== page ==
Mobile devices are surprisingly self-maintaining these days but there’s a few issues that come up occasionally. A big part of this is understanding the names and functions of certain setting unique to smartphones.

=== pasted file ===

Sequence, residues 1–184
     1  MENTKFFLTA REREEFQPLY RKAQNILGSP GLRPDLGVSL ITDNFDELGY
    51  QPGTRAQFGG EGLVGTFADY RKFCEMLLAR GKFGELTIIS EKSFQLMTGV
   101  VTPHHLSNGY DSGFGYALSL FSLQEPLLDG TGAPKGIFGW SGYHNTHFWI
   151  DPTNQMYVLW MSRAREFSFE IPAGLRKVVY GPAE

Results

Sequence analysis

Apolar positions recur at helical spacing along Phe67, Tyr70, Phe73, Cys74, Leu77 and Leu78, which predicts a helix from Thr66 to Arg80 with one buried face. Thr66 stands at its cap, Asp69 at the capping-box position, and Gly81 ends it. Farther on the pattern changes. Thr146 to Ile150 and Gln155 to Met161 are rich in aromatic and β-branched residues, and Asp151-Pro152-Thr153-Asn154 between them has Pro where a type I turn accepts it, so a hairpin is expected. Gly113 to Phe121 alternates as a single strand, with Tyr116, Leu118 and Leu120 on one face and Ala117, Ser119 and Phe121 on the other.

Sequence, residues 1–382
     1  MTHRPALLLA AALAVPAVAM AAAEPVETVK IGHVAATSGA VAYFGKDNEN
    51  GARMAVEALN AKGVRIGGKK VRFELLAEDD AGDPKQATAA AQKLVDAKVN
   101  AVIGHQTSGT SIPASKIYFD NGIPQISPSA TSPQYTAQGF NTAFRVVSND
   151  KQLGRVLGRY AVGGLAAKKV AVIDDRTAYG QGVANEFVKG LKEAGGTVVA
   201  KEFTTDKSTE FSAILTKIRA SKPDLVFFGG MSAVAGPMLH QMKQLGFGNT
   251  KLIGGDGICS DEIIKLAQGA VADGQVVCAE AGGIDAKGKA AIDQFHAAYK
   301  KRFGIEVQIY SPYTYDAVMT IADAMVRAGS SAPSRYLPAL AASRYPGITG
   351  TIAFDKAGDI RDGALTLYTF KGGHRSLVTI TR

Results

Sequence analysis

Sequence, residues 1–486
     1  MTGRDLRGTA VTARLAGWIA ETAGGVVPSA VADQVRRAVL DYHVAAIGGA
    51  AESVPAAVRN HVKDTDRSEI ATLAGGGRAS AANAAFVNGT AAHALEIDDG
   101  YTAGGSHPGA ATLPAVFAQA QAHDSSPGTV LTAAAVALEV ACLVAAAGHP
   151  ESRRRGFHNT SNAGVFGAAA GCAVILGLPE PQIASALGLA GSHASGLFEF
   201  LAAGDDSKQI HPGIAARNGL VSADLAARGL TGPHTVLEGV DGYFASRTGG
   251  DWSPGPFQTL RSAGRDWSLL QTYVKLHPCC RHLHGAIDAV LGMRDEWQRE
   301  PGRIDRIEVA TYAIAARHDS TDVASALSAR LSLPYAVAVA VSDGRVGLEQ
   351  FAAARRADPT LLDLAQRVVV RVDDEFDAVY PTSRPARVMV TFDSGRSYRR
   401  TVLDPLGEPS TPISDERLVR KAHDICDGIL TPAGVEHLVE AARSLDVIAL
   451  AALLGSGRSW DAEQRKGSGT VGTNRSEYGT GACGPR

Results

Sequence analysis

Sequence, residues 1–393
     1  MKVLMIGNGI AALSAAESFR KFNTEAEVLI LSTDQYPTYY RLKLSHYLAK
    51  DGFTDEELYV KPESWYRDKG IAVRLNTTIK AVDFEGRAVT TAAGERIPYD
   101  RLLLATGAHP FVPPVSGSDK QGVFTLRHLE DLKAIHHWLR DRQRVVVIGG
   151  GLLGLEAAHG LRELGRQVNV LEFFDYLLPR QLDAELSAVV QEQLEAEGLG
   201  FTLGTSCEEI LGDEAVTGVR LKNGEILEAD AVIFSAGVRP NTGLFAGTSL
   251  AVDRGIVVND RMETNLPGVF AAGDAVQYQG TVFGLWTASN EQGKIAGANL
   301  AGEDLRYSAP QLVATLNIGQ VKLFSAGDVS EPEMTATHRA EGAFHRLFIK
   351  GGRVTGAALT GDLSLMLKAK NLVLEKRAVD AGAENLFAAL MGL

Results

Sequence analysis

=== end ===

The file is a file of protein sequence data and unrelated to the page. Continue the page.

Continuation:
Well, what do you do to actually maintain this device? an Apple device, not much. Apples are pretty good at maintaining themselves. If you have an Android there's a few things you need to take care of, but whether you have an Apple or an Android there is one thing that's always going to be the same, It's really easy to tell the difference. GSM phones come with a little SIM card and if you get a GSM phone, you usually got to get a little SIM card and they have to put that in and then you can actually use the phone. With the CDMAs, they didn't come with a SIM card. Now, if you're watching me in Europe or in Africa That's because if you're other than the North America and some of South America you'll never, ever, ever see CDMA phones. However, stuff about CDMA is mentioned on the exam. So, I'm going to cover that in here as well. The big challenge you have with CDMA phones is that there's lots of stuff that needs to be updated, and the big magic word here is firmware. Now, there's no hard drive in here, So, we store it on ROM and that's firmware, and sometimes it has to be updated. You've got what we call baseband updates, which is going to be some of your cellular stuff. We've got broadband updates. We've got radio updates for Wi-Fi and all these things, pretty much magically, with a few exceptions that we're not going to worry about. One issue that you do see with CDMA phones The PRL is your preferred roaming list, if you're suddenly noticing that your texting is running slow, or your phone calls are taking forever to connect, you might want to consider updating your PRL. Now, how that's done depends on your carrier, but it usually consists of getting on the phone and dialing something like *228 or something like that, and the updates will be taken care of for you auto-magically. PRL is a part of what we call the product release information, or PRI. This is a big chunk of updates that hit all at once on CDMA phones and the only time you have to worry about this is if you're having trouble connecting, if things are going slow, or if you're in a new place you haven't been before and suddenly you can't make any foreign connection. Usually just updating your PRL will take care of that for you. But when it comes to all of this updating that comes in, you really, if you're in the world of GSM phones, that doesn't happen because pretty much all phones are designed to have updates sent to you. Now, the one choice you can make is whether you want to have it automatically update or not, and you're going to have to go in, Android and iOS are different on this, but they still will have something that says do you want to update automatically or do you want to have an update come in and then you manually go through the updating process? I don't even think about it, and I'm not saying I've never had problems, but it's been an extremely rare issue. So, if you're talking about OS updates, if you're talking about patching, if you're talking about firmware, when it comes to smart devices it's all the same thing. It's just an update, and go for it. Now, there's a couple of other numbers that you run into on phones and I want to make mention of them. One of them is called the IMSI, the International Mobile Subscriber Identity, and the other one is IMEI, International Mobile Equipment Identity. I want to show you both of these settings on a phone. Now, the first one I want to show you is IMSI. So, I actually ran a program here called SIM Data Reader. So, IMSI is actually built into the SIM itself. You see this number here that starts with a three, the rest of it's fuzzed out? that's really all you're doing to get it up and cooking, charge you, and you can pay your bill every month. Now, the other one, interestingly enough, I'm throwing this in here, 'cause CompTIA did, and that's the idea of VPNs. Now, we have an entire episode that talks about VPNs, but VPNs work perfectly well on phones, just as well. So, if you want to set up a VPN and here on my, on this Android it's under Advanced, and you'll see here's a VPN. Now, as I click on this I'm going to hit a plus sign, Mike's VPN, and I can set the VPN type I want. You can see that Android has a fairly limited number of different types of VPN, but here's the important one. Make sure you know the IP address of your server. Now, I'm making these numbers up. So, don't try to use them. But without knowing your server's IP address, you're never going to get VPN to work. Also keep in mind that pretty much all of the better quality VPNs, they're not going to use the built in VPN client that comes with your phone. They're going to go ahead and install their own VPN client that has a lot more flexibility for it. But the important thing is even those clients set up what type of VPN it is, and make sure you have the server's IP address. Remember those three, you'll get through the A+ no problem at all. Okay, the next thing I want to talk about is the idea of remote backups. Now, we did kind of touch that in other episodes, but let me at least make quick mention of it. Both Android and iOS are amazingly good at doing backups. They're either going to back it up to Google Drive if it's Android or iCloud if it's iOS. The only thing I need to remind you is this one thing, turn it on. (laughing) If you turn it on, it's going to work beautifully, and the level of auto-magic-ness is absolutely impressive. All right, so now I'm going to split things up a little bit between iOS and Android, and the term I'm going to use is antivirus. You can have antivirus or anti-malware installed on both iOS and on Android devices. However, the general consensus is because of Apple's tight control on their stores it's not really necessary, and to be honest with you I'm unaware of any Apple person who has installed an anti-malware on their phone, and if you go on the store you can see and people who like to play dangerously. Now, that's different on the Android devices. Android devices change things a lot. In particular, the idea of the store is going to be a trusted source of software. So, whether you're on iOS going into that store or you're in Android going into the other store, you have a high degree of confidence that you can go on, install these, without fear of malware However, with Android devices you don't have to use the store if you don't want to. Let me give you an example. So, here's some program that I wanted to install. So, if I hit Download, notice that I'm going to get this big warning. What it's trying to install are these files. If you look very closely you see .APK. That's just a Android installation file. I'm not in the store here, folks. I'm just grabbing some arbitrary website, and because Android is all about freedom you don't necessarily have to install from untrusted sources. However, by the way, most Android devices could be configured in such a way where you would prevent them from doing this. Mine's wide open because I like showing you guys cool stuff. So, make sure you're aware of the idea that inside the store versus outside the store, inside is trusted, outside is untrusted. So, if you're going to be dealing with untrustworthy things, Host based firewalls are as important However, again, because of Apple's strong control as it is on an Android device. of third party firewalls that can do an excellent job. But even then, if you're the type of person the chances of you needing anti-malware